Stories tagged Greenland


43 percent melt: This NASA satellite image from July 8 shows 43 percent of the Greenland ice sheet was melting.
43 percent melt: This NASA satellite image from July 8 shows 43 percent of the Greenland ice sheet was melting.Courtesy NASA
Johnny Carson used to have a standard round of jokes for the summertime on his Tonight Show.

"How hot is it outside today? It's so hot (insert punchline)," was the standard humorous convention he would use.

NASA researchers have a new take on how hot it is this summer, and it's not that funny. Satellite photos taken this month over Greenland show that the massive ice sheet that covers almost all of the Arctic region island was now melting at some degree earlier this month. Like the tried-and-true diet ads in the back of magazines, NASA has before and after satellite images that show the extent of melting that happened.

The top image, complied from three satellite photos taken on July 8, show about 40 percent of the ice sheet's surface was melting. Areas that are pink show where melting is occurring. Areas that are white show non-melting ice and areas that are grey have no ice cover.

97 percent melt: This satellite image from July 12 shows the melt rate surging up to 97 percent.
97 percent melt: This satellite image from July 12 shows the melt rate surging up to 97 percent.Courtesy NASA
The bottom image, taken on July 12, shows a rapid acceleration of melting on the island, with 97 percent of the ice sheet melting. It's a surge in melting rates that scientists figure happens about once every 150 years. This month's data is the highest melting rate that NASA has seen in Greenland since satellite data has been collected for about 30 years.

A rare warm front stalling over Greenland is the cause of the high amount of melting and by the middle of the month, that front had moved on and things were getting back to normal. You can read the NASA press release about this weather event here.

While the brief massive melting is unusual, it's not a huge immediate threat to Greenland's ice sheet, which is some spots is more than two miles thick.

In other recent Greenland ice sheet news, a huge chunk of coastal ice broke off and is now adrift in the Atlantic Ocean earlier this month. Measuring 59 square miles, the ice sheet is twice the size of Manhattan. You can read more about that story here. Two years ago, an iceberg twice as big as this year's broke off from the same location. Experts say it's extremely rare to have two huge icebergs break loose in such a short amount of time.


Ice sheets in Greenland
Ice sheets in GreenlandCourtesy ...Tim
Did you know that glaciers could be up to two miles thick and weigh more than a million tons? Have you ever wondered how snowflakes become ice? And what’s the albedo effect?

The Center for Remote Sensing of Ice Sheets (CReSIS) has the answer to such questions and much, much more. Over the past four years, CReSIS has been developing technologies, conducting field investigations and compiling data to help understand the rapid changes in the polar ice sheets in Antarctica and Greenland. In conducting this research, their vision is to one day understand and predict the role of polar ice sheets in sea level change.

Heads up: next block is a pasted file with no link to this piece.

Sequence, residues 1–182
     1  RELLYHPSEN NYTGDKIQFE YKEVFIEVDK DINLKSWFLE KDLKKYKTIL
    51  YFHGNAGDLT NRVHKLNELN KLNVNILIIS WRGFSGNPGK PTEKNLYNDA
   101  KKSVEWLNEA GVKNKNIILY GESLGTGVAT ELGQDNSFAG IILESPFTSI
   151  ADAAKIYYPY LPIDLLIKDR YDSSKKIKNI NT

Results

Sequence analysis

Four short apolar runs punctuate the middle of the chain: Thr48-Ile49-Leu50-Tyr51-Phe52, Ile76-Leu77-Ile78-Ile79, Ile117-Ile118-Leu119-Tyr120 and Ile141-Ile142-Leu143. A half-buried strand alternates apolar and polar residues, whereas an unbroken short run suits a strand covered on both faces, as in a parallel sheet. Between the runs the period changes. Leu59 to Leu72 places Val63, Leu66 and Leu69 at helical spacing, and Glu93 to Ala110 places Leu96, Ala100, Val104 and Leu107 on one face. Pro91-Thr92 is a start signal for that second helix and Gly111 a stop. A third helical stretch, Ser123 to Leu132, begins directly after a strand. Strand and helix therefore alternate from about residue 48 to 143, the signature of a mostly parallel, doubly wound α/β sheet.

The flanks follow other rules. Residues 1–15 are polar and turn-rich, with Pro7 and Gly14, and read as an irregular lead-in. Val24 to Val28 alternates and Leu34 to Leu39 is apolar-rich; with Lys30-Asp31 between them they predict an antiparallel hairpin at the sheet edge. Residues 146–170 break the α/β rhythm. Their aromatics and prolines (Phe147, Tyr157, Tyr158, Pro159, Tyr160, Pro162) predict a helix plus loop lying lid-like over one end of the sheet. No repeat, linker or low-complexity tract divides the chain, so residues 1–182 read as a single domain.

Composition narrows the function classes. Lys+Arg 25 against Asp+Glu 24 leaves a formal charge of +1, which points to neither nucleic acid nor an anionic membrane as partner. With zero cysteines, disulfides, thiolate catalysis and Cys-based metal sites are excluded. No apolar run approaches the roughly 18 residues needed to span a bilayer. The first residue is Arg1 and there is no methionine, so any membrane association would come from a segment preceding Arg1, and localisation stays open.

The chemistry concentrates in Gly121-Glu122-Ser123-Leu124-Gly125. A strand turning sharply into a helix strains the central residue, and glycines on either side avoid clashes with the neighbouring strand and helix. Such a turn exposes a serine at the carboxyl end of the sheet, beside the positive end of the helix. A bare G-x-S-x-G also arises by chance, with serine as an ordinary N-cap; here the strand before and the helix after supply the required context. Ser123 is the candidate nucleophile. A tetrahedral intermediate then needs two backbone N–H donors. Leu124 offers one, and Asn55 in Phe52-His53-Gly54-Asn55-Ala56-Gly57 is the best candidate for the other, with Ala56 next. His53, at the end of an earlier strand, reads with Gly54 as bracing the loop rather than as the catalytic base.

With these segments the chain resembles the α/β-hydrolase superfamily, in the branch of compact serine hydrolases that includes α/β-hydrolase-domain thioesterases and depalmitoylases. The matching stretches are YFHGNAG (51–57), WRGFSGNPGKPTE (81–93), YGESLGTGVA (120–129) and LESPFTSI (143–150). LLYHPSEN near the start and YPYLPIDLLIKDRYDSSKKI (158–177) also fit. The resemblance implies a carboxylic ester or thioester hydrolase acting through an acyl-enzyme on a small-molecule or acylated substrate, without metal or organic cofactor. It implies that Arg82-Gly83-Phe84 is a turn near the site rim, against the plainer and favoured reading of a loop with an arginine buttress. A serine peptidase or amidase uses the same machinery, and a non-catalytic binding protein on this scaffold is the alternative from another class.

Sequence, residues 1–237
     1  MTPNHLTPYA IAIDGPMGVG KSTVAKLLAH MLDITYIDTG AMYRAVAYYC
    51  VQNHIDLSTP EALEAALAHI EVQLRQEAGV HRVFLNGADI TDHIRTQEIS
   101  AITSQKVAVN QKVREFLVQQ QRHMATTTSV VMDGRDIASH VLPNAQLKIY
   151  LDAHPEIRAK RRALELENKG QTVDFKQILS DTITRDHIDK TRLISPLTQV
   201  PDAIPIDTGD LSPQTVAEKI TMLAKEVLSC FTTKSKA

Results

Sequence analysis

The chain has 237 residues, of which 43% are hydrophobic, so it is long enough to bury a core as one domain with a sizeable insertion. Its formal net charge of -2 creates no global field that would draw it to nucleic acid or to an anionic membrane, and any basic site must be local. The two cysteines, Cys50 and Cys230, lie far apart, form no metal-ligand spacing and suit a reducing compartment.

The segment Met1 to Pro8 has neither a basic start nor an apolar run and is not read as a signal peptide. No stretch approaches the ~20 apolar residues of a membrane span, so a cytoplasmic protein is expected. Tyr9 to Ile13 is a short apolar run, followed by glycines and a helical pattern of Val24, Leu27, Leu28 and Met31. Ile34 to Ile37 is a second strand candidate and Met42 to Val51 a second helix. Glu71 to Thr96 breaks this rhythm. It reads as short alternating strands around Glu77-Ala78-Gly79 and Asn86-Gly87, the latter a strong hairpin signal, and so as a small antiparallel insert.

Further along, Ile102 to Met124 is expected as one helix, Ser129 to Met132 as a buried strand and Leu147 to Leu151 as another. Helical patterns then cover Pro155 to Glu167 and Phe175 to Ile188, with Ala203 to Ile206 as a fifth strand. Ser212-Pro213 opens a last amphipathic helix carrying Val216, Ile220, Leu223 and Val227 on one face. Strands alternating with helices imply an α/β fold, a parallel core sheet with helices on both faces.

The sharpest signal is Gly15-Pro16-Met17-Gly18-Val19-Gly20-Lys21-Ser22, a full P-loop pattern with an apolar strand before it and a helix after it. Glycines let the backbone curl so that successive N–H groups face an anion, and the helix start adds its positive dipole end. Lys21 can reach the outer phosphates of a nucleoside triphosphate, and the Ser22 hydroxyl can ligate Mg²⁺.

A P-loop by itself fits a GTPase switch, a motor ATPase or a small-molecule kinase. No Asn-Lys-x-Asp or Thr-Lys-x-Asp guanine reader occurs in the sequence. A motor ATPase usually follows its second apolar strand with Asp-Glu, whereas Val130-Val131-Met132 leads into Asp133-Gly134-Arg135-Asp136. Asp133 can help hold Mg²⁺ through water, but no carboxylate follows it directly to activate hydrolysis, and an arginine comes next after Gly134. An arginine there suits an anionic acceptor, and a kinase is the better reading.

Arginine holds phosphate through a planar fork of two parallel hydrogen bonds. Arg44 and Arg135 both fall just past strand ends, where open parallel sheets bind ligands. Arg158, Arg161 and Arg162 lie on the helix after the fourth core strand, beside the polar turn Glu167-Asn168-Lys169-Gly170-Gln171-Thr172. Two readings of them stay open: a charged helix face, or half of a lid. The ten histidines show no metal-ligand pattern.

A total of five multi-disciplinary teams work together to conduct research allowing for efficient and well-coordinated progress. I took a closer look at the Satellite Measurements team and the instrumentation they’re using is quite fascinating. The instruments provide high-resolution information on everything from topography to temperature to surface melt. When comparing how these parameters change over time, the team can determine their effects on sea level, identify potential mechanisms controlling that effect, and then create computational models that explain these changes. You can even follow the field experiments that the center is currently conducting at their blog.

On top of all of that, CReSIS is also helping to inspire, educate and train K-12, undergrad and graduate students by encouraging the pursuit of careers in science and engineering as well as offering a variety of research opportunities. My personal favorite is the Ice, Ice, Baby lessons activities. Who cares if its designed for K-8 students! If you’re looking for something to do on a rainy day, I highly recommend making glacier goo. You can learn a lot while making a mess!

Researchers at Penn State have found a new species of bacteria in Greenland. Big whip – as long as it stays away from me, who cares? Well, this organism is ultra-small (I know what you’re thinking – aren’t bacteria pretty, um, small to begin with? Yeah, but these are super-duper small). It has also survived for 120 thousand years trapped without oxygen under two miles of ice. It may help scientists look for life on cold planets and moons elsewhere in our Solar System. (Which I think is a proper noun and therefore should be capitalized, though I may be mistaken.)

An article in Science magazine notes two of Greenland's largest glaciers, which were thought to be shrinking, have recently stabilized and even increased in mass. Previous estimate of rapid melting were based on just a few observations over a short period of time; additional study showed that the melting period was something of an anomaly.